Friday, August 18, 2023

San Francisco Looking Ahead To The Cleansing Waters Of The Pacific Washing Away The Political Taint Of 60 Years Of Mismanagement.

From Yahoo News, February 22, 2023:

SAN FRANCISCO — On a brisk February morning, a portable orange traffic sign set up near the intersection of Mission Street and Embarcadero shuddered in the wind, blinking a warning to passing drivers: “Caution: King tides.”

Waves from San Francisco Bay now regularly breach the pier and spill into the streets at this spot during tidal surges and helped convince city officials that sea level rise caused by climate change is no longer a problem that can be ignored.

“It was into my second year that I realized that my whole job and the organization was going to do this work,” Port of San Francisco executive director Elaine Forbes, who was appointed to her position in 2016 by then-Mayor Ed Lee, said beneath the Ferry Building’s broken clock tower, its hands fixed to either high noon or midnight as it undergoes repairs. “You’re on the line of defense.”

A semi-independent entity, the port oversees 7.5 miles of the city’s coastal facilities along the bay, leasing out a wide array of properties, including landmarks like Fisherman’s Wharf, Pier 39, the Ferry Building, a cruise ship terminal and Oracle Park, where the Giants play baseball. Its revenues are crucial to the city’s bottom line, and in 2018 Forbes mobilized her office to help ensure the passage of Prop A, a voter initiative that raised $425 million in taxpayer funds to begin addressing repairs and seismic upgrades to a 3-mile section of the city’s crumbling, more-than-100-year-old sea wall in anticipation of sea level rise.

“We said at the time, this is really a down payment for the problem,” Forbes recounted.

Since then, projections for how bad that problem will get have only become more dire. In 2020, the Legislative Analyst’s Office, the nonpartisan fiscal and policy adviser to the California Legislature, issued a report stating that under a scenario of continued high greenhouse gas emissions, San Francisco could see as much as 7 feet of sea level rise by 2100.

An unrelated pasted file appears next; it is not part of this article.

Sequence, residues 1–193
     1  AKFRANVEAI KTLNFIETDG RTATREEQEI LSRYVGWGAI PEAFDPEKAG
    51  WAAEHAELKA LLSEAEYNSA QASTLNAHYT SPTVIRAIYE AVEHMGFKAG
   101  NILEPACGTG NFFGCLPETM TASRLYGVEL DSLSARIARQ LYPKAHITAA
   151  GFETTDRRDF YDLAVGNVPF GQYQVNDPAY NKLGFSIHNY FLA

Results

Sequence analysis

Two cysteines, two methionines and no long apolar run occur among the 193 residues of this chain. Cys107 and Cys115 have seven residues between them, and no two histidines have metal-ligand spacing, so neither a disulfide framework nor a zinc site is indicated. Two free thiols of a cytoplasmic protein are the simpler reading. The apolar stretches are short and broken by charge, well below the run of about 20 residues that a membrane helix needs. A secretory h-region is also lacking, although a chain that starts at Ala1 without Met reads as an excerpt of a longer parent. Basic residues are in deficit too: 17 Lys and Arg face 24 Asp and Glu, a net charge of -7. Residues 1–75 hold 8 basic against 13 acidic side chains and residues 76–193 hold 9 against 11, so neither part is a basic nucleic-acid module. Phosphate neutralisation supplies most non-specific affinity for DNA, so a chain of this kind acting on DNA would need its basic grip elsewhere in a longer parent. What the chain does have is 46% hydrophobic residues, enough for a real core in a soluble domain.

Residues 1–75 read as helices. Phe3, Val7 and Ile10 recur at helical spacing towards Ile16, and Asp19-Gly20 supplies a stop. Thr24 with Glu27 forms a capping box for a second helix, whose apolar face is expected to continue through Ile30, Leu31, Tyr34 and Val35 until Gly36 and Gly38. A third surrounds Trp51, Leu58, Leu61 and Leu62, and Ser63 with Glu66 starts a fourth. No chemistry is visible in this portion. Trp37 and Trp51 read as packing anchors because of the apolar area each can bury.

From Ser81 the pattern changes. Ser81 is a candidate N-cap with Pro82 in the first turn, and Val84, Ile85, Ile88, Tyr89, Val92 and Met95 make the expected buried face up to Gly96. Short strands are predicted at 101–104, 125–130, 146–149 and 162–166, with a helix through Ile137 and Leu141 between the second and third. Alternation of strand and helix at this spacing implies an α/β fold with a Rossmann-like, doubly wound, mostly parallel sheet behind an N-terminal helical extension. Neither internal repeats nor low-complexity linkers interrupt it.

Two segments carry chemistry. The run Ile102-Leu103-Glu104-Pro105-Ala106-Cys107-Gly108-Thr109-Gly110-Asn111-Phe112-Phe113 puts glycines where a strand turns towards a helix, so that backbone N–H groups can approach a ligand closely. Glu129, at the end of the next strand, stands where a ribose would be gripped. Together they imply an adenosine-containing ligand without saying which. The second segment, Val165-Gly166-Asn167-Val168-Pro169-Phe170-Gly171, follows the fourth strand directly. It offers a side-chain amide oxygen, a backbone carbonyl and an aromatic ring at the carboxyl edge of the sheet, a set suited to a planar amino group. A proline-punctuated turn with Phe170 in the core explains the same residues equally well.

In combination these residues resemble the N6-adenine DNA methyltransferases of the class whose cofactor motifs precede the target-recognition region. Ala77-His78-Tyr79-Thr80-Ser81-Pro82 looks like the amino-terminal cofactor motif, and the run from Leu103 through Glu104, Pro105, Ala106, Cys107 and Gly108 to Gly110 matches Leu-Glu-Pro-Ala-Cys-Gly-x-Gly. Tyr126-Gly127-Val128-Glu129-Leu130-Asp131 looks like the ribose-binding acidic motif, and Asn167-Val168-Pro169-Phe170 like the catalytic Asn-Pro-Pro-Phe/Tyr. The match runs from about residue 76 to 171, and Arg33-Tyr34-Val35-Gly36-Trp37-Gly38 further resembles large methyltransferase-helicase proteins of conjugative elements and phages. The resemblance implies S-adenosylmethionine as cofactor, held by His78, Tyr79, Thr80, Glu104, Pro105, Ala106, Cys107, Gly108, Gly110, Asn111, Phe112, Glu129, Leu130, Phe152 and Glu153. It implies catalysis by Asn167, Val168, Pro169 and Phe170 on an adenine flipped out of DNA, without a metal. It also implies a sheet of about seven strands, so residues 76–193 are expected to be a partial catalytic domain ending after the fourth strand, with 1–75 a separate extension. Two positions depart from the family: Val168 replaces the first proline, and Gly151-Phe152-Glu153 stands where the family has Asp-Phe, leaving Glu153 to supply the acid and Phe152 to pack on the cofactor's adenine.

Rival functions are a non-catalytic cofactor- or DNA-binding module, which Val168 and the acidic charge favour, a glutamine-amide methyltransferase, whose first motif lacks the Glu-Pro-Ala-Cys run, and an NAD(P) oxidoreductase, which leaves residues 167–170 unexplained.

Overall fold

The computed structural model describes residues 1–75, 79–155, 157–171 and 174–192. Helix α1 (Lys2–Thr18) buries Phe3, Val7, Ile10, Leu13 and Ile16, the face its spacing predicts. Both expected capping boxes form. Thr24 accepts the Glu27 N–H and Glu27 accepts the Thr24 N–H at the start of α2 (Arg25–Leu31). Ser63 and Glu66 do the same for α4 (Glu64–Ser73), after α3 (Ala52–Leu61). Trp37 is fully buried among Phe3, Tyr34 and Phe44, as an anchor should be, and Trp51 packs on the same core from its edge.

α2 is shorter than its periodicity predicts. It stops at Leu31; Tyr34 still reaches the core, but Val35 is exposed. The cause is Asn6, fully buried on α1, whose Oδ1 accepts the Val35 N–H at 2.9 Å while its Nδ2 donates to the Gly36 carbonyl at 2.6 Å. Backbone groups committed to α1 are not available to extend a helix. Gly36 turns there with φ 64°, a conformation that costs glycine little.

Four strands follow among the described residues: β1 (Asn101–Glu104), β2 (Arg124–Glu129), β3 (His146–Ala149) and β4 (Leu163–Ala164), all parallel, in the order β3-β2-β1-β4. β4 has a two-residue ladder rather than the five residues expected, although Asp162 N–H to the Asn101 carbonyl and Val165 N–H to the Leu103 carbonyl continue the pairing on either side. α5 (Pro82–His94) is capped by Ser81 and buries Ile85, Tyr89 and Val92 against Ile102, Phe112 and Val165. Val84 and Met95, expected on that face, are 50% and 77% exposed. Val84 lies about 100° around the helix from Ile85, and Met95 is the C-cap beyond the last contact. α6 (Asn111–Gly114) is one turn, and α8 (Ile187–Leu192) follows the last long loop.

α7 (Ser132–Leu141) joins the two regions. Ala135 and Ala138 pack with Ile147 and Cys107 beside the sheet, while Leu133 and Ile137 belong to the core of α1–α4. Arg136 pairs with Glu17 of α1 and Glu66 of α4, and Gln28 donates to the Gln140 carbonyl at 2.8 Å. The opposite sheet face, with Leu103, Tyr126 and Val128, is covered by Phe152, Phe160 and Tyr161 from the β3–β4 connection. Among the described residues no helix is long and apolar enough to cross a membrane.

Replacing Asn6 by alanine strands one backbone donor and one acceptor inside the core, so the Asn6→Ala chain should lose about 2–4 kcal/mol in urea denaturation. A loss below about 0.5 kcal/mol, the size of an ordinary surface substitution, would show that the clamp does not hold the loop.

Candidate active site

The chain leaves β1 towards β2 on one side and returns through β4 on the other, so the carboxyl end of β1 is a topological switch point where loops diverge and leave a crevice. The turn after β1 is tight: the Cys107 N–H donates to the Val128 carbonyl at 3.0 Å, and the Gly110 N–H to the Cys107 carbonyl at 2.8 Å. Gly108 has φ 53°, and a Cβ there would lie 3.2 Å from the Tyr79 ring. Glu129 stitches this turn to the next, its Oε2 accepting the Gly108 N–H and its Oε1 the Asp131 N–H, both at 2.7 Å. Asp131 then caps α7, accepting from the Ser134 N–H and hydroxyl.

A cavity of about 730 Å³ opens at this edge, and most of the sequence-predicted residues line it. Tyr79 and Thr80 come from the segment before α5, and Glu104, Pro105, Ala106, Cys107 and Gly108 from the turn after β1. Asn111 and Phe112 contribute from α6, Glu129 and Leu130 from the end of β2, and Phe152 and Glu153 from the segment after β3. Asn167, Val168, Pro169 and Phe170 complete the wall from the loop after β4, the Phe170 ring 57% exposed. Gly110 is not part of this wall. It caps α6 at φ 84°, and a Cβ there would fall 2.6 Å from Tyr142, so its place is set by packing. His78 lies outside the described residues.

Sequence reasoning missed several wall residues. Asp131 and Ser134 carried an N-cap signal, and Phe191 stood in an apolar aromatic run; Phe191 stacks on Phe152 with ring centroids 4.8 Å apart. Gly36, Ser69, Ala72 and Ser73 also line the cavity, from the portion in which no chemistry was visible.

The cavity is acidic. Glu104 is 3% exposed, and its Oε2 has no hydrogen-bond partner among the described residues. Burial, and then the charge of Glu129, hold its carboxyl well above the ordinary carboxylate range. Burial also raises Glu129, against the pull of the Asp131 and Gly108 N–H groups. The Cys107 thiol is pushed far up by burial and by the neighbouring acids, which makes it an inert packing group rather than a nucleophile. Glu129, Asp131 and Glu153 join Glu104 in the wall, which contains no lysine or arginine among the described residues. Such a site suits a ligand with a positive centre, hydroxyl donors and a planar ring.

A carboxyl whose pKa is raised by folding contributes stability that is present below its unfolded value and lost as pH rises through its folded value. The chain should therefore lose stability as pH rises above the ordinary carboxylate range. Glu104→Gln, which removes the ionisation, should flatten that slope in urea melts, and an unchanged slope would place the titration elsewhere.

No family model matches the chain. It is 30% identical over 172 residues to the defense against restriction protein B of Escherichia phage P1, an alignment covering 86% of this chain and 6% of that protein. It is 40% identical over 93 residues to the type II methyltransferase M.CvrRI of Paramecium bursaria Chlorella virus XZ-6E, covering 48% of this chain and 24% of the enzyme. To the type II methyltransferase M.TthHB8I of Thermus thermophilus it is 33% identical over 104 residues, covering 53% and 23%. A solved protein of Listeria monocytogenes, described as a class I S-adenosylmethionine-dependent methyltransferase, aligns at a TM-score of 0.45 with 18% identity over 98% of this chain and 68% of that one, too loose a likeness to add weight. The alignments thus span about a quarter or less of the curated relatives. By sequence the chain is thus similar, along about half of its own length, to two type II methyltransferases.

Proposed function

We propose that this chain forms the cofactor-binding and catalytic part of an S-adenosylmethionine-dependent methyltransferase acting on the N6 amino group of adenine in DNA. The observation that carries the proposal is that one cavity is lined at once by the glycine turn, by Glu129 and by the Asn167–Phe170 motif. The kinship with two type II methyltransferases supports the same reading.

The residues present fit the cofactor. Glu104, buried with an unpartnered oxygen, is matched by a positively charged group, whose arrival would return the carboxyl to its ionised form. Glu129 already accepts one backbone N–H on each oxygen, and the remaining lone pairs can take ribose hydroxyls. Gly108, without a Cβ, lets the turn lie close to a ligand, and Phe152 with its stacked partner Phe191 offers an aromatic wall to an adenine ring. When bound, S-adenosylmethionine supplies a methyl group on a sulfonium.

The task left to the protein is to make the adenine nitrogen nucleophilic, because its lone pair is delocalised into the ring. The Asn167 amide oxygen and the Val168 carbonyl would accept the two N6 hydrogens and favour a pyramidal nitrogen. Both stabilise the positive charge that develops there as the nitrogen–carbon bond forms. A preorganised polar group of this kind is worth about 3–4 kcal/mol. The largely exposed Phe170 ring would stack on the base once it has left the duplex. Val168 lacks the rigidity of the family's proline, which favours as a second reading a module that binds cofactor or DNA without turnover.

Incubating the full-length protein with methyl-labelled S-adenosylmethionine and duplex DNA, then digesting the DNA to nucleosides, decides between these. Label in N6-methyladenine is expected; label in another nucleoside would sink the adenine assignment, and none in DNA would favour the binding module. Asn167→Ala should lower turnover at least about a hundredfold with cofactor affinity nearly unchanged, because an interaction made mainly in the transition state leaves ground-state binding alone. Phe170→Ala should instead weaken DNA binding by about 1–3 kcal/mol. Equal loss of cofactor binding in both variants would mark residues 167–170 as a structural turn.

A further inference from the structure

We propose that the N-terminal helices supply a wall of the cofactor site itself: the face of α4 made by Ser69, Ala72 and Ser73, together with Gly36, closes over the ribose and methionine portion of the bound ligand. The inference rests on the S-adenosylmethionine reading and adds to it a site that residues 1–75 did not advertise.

In response to that grim new estimate, Forbes and the port’s commissioners announced last fall that they were partnering with the U.S. Army Corps of Engineers to conduct a comprehensive yearlong study examining how best to protect the vulnerable waterfront. Doing nothing, everyone seemed to agree, was not an option.

“The increased frequency of flooding that you’ll see as the bay comes up and you have more frequent tidal flooding, the numbers are in the billions in terms of the damages that will accumulate from that,” Brian Harper, a director of planning with the Army Corps, told Yahoo News.

But just as significant increases in sea level will result in monumental damages, adequately protecting communities from the additional rise will also become much more expensive. Complicating San Francisco’s efforts, the pandemic has badly diminished revenues from tourism and financial district foot traffic, forcing port officials to go hat-in-hand to city, state and federal entities in search of money to use to harden the coastline against rising waters.

“We’re not even at a scale to pretend to be able to pay for this project,” Forbes said. “We have a $114 million balance sheet, maybe a little higher. If we’re lucky, we have a $25 million capital budget that we squeeze out of our net revenues.”

While noting that any estimate on how much a fix will cost depends on what the Army Corps recommends in its report, Forbes speculates that the range could end up between $10 billion and $30 billion. Other experts, however, believe that guess could be too low....


It's possible I misunderstood the thrust of the article. 

On the other hand, foregoing the project frees up some cash for the reparations plan:

"The $5 million payments could top $100 billion — many times the $14 billion annual budget in San Francisco —
and London Breed , the city’s mayor, has not committed to cash reparations"
New York Times, May 16, 2023

So a win-win.